Questions about patents and open source licences

Philippe Verdy verdy_p at
Mon Mar 31 01:15:44 UTC 2008

> De : Erik Wikström [mailto:Erik-wikstrom at] 
> Envoyé : dimanche 30 mars 2008 15:35
> À : license-discuss at
> Objet : Questions about patents and open source licences
> Hello, and sorry if this has been discussed to death already 
> but a search of the archives did not turn up any recent 
> answers to my questions.
> Question 1:
> It is my understanding that the EU does not recognise pure 
> software patents but since we live in a connected world where 
> some countries (the US for one) do. Imagine that I (living in 
> the EU) write a piece of software and publishes it on the web 
> under a the BSD licence and it later turns out that it uses 
> some technique covered by a patent in the US, how will that affect me?
>  * Can I be sued (even tough I have done nothing illegal 
> where I live)?

Nothing illegal only if you distribute the software in EU. Now the question
remains when you'll export the software in US, or when a US user will try to
use your software: both you or the user could be sued in US.
As long as you don't do anything in US, you risk nothing: the US software
patent does not apply to you.

Note that the question is more debatable than this: the patent-free area is
restricted to your own country (which defines the law applicable to you).
I'm not sure that you can still even export your software within the EU
itself, because the EU does not degine a law extending your national right
to the rest of the Union, but may be your national law extends this right
(my opinion is that the only national rights that are extended to other EU
countries are those mandated by the treaty, and ratified in the instruments
by other EU member countries.

However I have not seen any field of application for extending your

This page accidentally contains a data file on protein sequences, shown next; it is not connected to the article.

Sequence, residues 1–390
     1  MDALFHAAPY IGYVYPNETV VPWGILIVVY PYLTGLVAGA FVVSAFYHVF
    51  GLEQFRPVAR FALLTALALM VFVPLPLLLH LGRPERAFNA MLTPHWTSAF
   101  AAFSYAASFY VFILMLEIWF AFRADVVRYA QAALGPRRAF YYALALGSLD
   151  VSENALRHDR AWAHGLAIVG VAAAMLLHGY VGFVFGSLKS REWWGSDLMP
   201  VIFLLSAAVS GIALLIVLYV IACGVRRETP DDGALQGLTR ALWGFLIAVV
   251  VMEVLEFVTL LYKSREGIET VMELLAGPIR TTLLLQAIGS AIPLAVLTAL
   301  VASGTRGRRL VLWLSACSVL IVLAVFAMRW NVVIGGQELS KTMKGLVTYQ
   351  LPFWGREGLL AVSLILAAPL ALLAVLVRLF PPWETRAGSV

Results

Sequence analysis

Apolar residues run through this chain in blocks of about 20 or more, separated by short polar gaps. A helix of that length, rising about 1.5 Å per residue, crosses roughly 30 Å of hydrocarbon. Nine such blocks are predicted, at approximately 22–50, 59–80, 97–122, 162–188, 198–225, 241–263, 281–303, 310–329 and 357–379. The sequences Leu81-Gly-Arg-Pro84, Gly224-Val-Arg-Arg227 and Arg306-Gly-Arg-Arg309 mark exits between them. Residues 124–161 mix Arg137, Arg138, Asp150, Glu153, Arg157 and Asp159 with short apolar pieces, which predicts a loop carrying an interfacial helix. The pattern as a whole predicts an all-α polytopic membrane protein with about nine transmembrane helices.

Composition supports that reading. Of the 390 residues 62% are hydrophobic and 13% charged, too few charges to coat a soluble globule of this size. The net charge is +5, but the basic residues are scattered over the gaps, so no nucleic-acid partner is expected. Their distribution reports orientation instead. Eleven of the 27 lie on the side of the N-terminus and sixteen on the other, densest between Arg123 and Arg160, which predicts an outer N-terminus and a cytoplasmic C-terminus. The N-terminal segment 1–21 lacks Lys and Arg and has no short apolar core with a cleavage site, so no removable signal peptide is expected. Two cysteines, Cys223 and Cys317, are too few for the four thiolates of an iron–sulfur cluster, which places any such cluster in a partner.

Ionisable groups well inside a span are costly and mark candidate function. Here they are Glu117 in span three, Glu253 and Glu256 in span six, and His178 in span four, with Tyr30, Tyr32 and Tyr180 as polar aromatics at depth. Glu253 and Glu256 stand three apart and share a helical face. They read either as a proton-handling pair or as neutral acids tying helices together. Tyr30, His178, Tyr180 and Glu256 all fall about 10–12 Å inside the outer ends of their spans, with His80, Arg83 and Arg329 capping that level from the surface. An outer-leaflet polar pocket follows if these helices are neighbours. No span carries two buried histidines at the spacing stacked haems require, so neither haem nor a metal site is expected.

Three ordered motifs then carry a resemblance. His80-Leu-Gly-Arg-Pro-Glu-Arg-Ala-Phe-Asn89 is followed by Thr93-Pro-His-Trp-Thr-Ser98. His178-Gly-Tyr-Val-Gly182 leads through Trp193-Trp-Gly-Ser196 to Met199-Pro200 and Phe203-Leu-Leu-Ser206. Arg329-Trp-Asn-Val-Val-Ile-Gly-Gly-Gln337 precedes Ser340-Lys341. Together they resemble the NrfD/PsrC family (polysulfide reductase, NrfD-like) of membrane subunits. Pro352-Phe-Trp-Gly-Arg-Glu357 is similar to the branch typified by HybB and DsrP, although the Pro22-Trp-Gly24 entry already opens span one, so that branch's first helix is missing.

patent-free protection for software; the patent system is not part of the
Union, it is an international agreement governed by ratification instruments
deposited now at WIPO (but previously under the Bern convention).

>  * Even if I on my site add a disclaimer disallowing 
> downloads/use/etc.
>    in countries which allow software patents?
If you add such thing, you are creating a discrimination, and your software
will not be free for all users.

>  * Can I protect my self in some other way?

* don't export your software directly: host it on a site hosted in your own
* don't offer any guarantee or patent-free protection to your users: it's up
to the remote downloader to verify that he can safely use the software and
in which conditions. He may need to pay royaltees or require a prior
agreement by the patent holder, but not you.

All you can do is to publish a statement indicating that, to your knowledge,
your software does not infringe any right applicable to you or other users
in your country, and you are making it available to anyone without prior
condition or agreement required by *you* to use your software.

The soft of statement that comes within the GPL about the absence of
warranty is an excellent way to prevent you becoming liable for the risks
taken by others. But it must be clear to others that if such risk exists, it
cannot come from you: you won't threaten your users to claim them for
damages if ever they have used a software you made but did not provide
directly to other users that may infringe others' rights, and each user will
assume the risks and the associated costs.

That's my opinion.

But now, publising on the Internet is not an easy task: you have to know
where to host your software. Look at the contract of the hosting site to see
which national law governs its use: it will indicate you where you are
exporting the software, but also this will indicate to others in which
country the software they are downloading is hosted (so they will know they
are actively importing it, and they are taking the risks themselves by
initiating this import). The only thing that you are liable is the act of
publishing: if you don't export it when doing it, nothing wrong can apply to
you, the software remains in the same legal condition.

Be careful if your hosting provider ever changes its contract with you
(notably after it has been bought by another company in another country:
your existing contract may change at any time if you subscribe to some newer
option with a new contract that overrides your existing one: as soon as you
accept the new contract, the previous contract will become void, and the new
contract may change the juridiction, in which case you may have to delete
the hosted content in a reasonnable time, if it is now illegal for exporting
it to that juririction where it will infringe an applicale patent or where a
right owner may claim royaltees from you).

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